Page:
Thursday , February 22 2018
Home > Shop Tips > Grinding HSS Lathe Tools By Hand: Part 3 – Grinding a Threading Tool

Grinding HSS Lathe Tools By Hand: Part 3 – Grinding a Threading Tool

In this final video of Barry’s 3-part series on grinding HSS lathe tools Barry walks us through the process of grinding a threading tool.

If you missed part 1 or part 2, they can be found here:

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Hi, Barry Young here with part 3 of how to grind tool bits. Today we are going to grind a threading tool.  This is used for external threading on round pieces in the lathe.

This is a rather large one. It’s 1″ square. We use much bigger ones in industry and much smaller ones at home in our home workshops.

Today I’m going to grind this piece of mild steel to make it look like a threading tool. I use mild steel because it grinds quicker here and I won’t waste your time. So, off we go.

You must have a center gage, like this. Some people call it a “fish tail”. Center gage is the correct term. It’s not a “thread gage”. Now, in this fish tail, right on the end is a groove, a v-groove. We are going to make this tool match, fit in that v-groove. When we are done the tool won’t go like this, or like this, it needs to come straight out of that V.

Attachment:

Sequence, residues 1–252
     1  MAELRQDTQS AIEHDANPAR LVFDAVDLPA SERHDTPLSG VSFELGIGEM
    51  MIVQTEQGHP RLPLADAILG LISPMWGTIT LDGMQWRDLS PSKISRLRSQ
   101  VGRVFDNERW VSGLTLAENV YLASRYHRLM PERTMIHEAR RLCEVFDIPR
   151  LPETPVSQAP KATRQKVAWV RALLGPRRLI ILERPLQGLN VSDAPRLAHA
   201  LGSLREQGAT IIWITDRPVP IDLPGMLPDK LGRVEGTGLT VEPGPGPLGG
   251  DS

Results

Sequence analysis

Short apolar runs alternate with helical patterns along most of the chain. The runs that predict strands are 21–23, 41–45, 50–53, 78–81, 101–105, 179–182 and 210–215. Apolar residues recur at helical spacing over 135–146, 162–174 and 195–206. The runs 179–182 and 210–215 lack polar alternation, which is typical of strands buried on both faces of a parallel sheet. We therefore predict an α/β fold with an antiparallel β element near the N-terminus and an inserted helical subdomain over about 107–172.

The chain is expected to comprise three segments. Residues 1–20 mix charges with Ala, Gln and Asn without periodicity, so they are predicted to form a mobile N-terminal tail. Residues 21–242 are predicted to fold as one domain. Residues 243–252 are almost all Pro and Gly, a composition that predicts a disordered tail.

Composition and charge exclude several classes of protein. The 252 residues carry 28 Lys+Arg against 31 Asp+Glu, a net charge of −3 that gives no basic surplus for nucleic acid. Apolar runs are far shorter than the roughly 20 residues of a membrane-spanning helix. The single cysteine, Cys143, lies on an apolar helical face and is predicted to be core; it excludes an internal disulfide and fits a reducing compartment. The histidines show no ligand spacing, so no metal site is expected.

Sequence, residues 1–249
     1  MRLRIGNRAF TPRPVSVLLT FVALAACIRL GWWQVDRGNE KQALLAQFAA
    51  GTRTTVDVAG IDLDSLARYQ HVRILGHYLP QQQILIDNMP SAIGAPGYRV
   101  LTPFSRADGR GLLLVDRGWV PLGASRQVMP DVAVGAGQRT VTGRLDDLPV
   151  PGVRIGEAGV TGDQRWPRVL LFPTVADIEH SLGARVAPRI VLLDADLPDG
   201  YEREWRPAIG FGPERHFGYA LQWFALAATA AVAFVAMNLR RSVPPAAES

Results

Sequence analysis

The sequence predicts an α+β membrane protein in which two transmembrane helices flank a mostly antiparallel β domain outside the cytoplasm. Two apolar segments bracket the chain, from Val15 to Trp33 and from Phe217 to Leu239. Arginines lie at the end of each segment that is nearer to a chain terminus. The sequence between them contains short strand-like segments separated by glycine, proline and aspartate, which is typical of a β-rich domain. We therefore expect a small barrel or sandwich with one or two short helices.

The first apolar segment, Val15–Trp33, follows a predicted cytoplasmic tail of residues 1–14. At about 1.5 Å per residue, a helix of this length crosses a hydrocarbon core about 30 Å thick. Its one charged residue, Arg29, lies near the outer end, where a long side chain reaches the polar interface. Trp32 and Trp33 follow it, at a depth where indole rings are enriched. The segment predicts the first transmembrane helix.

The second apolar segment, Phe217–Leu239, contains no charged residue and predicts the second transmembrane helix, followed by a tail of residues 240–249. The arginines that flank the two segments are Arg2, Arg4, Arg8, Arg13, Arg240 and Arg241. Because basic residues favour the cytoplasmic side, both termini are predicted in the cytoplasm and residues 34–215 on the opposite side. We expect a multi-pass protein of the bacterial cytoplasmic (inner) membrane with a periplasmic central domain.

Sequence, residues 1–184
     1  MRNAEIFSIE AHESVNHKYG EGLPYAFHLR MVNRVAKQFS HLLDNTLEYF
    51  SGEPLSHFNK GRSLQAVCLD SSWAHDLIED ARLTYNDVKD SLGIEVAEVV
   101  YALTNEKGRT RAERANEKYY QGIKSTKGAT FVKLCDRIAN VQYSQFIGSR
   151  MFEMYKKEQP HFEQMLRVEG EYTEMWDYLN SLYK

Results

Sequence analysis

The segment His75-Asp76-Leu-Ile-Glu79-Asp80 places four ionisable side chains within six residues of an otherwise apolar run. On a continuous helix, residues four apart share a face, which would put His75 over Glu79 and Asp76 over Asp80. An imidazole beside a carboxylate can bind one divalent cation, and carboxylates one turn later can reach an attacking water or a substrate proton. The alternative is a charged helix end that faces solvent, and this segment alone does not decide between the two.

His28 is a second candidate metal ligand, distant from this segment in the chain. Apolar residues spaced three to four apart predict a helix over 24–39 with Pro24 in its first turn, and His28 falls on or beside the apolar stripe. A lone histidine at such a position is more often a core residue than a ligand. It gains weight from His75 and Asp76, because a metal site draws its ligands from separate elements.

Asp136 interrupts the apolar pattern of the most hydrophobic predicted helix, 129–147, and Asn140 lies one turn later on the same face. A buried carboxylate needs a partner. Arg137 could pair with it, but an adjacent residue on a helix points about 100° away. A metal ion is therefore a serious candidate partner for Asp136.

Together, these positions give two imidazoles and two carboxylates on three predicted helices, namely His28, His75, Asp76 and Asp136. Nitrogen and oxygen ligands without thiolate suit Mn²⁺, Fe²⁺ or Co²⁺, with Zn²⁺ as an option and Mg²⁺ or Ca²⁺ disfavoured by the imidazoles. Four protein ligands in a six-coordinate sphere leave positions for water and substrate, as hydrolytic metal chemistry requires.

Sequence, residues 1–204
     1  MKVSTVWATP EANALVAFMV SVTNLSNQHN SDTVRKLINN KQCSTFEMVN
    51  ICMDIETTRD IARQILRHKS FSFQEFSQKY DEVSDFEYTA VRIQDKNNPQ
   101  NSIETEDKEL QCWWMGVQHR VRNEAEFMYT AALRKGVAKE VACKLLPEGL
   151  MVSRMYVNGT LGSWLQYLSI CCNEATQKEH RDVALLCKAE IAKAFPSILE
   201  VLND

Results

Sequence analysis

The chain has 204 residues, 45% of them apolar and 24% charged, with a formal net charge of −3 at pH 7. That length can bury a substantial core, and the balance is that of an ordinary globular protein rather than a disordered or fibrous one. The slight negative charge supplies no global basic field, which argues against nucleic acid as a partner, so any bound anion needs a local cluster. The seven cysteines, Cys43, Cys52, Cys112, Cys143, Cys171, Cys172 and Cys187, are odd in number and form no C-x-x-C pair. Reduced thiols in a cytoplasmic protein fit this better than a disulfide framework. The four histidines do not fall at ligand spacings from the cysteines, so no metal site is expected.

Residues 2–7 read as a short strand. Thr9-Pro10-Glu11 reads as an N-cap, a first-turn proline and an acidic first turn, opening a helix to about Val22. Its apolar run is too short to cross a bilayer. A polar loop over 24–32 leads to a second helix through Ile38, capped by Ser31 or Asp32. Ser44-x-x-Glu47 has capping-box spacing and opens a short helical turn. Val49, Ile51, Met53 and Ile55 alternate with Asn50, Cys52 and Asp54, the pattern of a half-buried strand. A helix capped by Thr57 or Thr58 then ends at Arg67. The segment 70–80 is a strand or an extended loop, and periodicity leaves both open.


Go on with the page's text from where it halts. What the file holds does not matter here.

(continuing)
Ok. I usually just put the tool bit right down onto the tool rest and rotate it 30 degrees, and plunge. Now, I’m grinding this much quicker than you will to try and make the video short. And that’s why my tool bit is changing colors. When I grind a tool bit for use I avoid changing colors.

Alright, now I’m going to just flip it over and do the other side exactly the same way. Grind grind grind. Well, we’re getting close. Now I’ve got it roughed out. Let’s check it with the center gage and see which direction we have to go here. Well? What do you think? Let me take a look here. Looks like we’ve got way to blunt a tip. So, I’m going to find out where I was, and then I’m going to crank it over some more to make it actually sharper.

Ok, let it cool down here a minute. Let’s check it. Is that a little better? Looks like there’s a … now its a little too sharp. It’s got some slop in there. So I’m going to have to grind the tip away. I’m going to find out  where I was and just rotate towards the tip.

Same thing on the other side. And lets check again. Now we’re fitting. Pretty darn well. Ah, it’s still a little bit too sharp though. Grind away a little bit more of the tip. Notice I’m leaving it on the wheel long enough to where it makes one solid cut. That’s good enough for this demonstration, but in the home workshop you can go until that’s perfect.

The last face I need to grind is the top rake. So, turn 90 degrees to the wheel, and notice that the shank end is farther than then end being ground. What that will do is give me an angle like this, or a “top rake”. And what I’m doing now is grinding until I see sparks coming off the tip.